The Prequels are bad movies. Across the board, really. And no amount of distance between the immediate letdown and the present will change that.
If anything, time has been unkind to Star Wars — Episodes I – III. Their increasing overreliance on CGI removes much of the illusion from crucial characters like General Grievous. And with human actors, vital stunt work is extinguished by poorly rendered somersaults and fight combat. The Special Editions, while not without their positives, did little more than encourage George Lucas to tinker in his Industrial Light and Magic sandbox, providing a bankable field test for throngs of Federation Battle Droids whose utter ineffectiveness is reduced to a punchline in less than a trilogy’s worth of time. The digital technology revolution is greatly indebted to LucasFilm’s early pioneering, but cinema is not.
As far as the actual narrative of the Prequels, the epitaph’s been written for a decade. These scripts stretch and condense their stories in odd, often baffling ways. One would be hard pressed to explain why we needed to see Anakin Skywalker as a nine year-old slave at all, and Attack of the Clones indulges in a shaggy dog assassination plot while failing to deliver on the Clone Wars front. And despite Lucas’s intentions, Anakin Skywalker’s descent into evil does not “rhyme” with his return to the light, cranking up the volume on his friendship with Palpatine to hide an otherwise hasty betrayal of the Jedi Order. Comparing this bungling of such a pivotal arc to Return of the Jedi‘s subtle changes in Vader’s psyche is borderline unfair. Revenge of the Sith might actually fare better were it released in 2015 rather than 2005, where a 5 minute compilation could capably summarize the sparse plot points for YouTubers and fans alike.M
Much of the Prequels’ 6+ hour saga is bloat, but that was apparent on opening weekend. What time and distance have come to show is that “The One With Jar Jar” might actually be the best of the bunch. No, you’re not misremembering anything. Jar Jar Binks is as intolerable and insensitive as ever, Lucas’s flat direction turns a solid cast into plasticine playthings, and I still can’t explain why the taxation of trade routes was so pivotal to intergalactic conflict.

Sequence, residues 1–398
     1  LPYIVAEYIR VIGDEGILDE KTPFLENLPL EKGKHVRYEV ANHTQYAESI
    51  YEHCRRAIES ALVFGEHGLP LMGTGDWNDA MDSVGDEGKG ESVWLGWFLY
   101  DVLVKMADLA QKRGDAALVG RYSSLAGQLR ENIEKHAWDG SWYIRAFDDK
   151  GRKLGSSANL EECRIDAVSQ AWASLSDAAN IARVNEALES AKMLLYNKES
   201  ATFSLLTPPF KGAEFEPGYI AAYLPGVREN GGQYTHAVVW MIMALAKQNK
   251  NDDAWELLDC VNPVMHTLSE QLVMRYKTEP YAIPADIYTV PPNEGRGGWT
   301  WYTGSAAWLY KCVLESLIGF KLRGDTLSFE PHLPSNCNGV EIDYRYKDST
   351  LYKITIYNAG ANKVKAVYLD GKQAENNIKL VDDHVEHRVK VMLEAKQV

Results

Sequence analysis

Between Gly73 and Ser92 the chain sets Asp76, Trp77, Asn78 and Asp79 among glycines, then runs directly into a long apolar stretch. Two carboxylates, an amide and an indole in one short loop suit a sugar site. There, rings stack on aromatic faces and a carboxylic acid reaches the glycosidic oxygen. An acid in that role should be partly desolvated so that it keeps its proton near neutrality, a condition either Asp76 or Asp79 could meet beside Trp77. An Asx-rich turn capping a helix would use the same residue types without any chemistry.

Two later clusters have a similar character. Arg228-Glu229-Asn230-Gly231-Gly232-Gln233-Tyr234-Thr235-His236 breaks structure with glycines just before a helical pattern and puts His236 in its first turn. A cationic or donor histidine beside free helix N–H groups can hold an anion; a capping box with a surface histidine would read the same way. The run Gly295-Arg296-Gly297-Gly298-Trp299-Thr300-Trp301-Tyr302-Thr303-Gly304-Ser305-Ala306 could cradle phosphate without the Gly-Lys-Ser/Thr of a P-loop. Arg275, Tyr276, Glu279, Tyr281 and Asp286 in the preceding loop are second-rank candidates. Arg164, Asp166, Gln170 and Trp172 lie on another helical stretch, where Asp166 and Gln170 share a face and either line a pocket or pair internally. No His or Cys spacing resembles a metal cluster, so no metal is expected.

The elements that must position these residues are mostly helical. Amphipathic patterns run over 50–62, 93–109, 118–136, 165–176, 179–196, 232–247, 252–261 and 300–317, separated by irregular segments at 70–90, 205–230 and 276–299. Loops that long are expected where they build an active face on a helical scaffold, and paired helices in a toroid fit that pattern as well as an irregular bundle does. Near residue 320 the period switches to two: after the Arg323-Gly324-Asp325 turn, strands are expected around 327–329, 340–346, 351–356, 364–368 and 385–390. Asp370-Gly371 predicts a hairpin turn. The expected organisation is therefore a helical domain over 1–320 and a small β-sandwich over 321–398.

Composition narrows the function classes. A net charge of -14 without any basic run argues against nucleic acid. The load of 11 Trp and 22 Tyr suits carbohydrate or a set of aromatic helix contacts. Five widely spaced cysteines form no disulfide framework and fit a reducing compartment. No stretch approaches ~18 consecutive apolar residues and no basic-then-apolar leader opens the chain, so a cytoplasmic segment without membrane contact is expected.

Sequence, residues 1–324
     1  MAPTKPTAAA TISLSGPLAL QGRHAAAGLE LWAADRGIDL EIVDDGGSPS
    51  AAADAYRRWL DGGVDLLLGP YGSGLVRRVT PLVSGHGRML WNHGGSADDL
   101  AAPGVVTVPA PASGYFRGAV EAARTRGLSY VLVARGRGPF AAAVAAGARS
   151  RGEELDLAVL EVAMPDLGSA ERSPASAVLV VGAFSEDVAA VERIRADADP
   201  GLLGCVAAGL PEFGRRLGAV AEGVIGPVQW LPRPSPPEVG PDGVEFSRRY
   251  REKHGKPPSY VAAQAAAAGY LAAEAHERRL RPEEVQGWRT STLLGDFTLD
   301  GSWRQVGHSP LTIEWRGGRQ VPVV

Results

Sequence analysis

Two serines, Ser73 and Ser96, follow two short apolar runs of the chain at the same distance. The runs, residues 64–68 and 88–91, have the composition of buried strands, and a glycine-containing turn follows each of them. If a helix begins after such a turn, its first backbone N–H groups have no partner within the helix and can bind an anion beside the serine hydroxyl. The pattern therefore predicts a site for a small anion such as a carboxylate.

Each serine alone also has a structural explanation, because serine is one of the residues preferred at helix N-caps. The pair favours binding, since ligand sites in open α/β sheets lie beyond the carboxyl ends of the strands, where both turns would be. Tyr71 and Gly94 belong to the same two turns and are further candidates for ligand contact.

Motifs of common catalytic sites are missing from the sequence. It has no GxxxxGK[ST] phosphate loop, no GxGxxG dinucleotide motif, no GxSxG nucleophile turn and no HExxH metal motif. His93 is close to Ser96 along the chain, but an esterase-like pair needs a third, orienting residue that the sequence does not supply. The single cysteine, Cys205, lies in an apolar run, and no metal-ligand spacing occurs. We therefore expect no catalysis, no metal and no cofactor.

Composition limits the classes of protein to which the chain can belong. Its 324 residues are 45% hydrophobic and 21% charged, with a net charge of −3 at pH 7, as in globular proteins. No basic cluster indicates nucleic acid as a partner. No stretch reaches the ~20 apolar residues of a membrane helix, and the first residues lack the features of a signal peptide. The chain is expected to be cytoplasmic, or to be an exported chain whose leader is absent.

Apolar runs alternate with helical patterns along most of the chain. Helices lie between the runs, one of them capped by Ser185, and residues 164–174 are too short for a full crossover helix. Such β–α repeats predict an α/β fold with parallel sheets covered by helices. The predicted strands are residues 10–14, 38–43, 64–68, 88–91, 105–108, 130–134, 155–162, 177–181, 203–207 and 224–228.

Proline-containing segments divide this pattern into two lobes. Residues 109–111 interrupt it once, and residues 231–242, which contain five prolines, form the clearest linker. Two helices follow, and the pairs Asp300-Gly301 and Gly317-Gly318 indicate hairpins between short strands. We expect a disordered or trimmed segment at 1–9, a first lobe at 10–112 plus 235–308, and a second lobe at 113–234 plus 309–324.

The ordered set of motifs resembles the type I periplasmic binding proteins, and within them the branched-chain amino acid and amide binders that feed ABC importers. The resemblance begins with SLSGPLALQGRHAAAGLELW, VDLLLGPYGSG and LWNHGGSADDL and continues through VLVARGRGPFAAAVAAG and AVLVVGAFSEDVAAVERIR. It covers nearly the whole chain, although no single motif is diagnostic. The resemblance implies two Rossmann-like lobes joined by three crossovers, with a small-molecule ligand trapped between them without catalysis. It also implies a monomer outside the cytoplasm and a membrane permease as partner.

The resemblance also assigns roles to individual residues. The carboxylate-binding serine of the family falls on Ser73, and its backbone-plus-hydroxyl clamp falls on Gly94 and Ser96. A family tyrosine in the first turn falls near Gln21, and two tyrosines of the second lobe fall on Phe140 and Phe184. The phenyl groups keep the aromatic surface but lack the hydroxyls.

But in addition to a recurring theme of interdependence and a good-if-not-great grasp of visual language, The Phantom Menace has another point in its favor: narrative proximity. A slave boy’s podracing exploits are a headscratcher in the grand scheme of things, but the Boonta Eve Classic’s distance from the Original Trilogy numbs its shenanigans. Midichlorians are dumb, but they don’t rewrite characters’ relationships. By and large, Episode I tells us what we already knew: Anakin was a good pilot. He was strong with the Force. He knew Obi-Wan Kenobi. Here, Obi-Wan can tell you:
The Phantom Menace has no lasting effect on Star Wars, and it’s a better Star Wars movie for it. If that seems like a low bar, rewatch that scene where Vader comes to in Revenge of the Sith. Go ahead. I’ll wait.
The Phantom Menace preserves a timeline where a compelling Prequel story is still possible. It’s a place where Leia’s memories of her mother still make sense. Where Boba Fett isn’t a stunted clone with a dodgy accent. Where the Galactic Empire wasn’t kickstarted by a Gungan senator’s emergency vote. Where Yoda doesn’t know Chewbacca.
To be clear, re-shaping perceptions doesn’t have to be bad. Rogue One shows how change can be done right. Change is bad when it’s done simply for the sake of change. In other words, whenever George Lucas does it.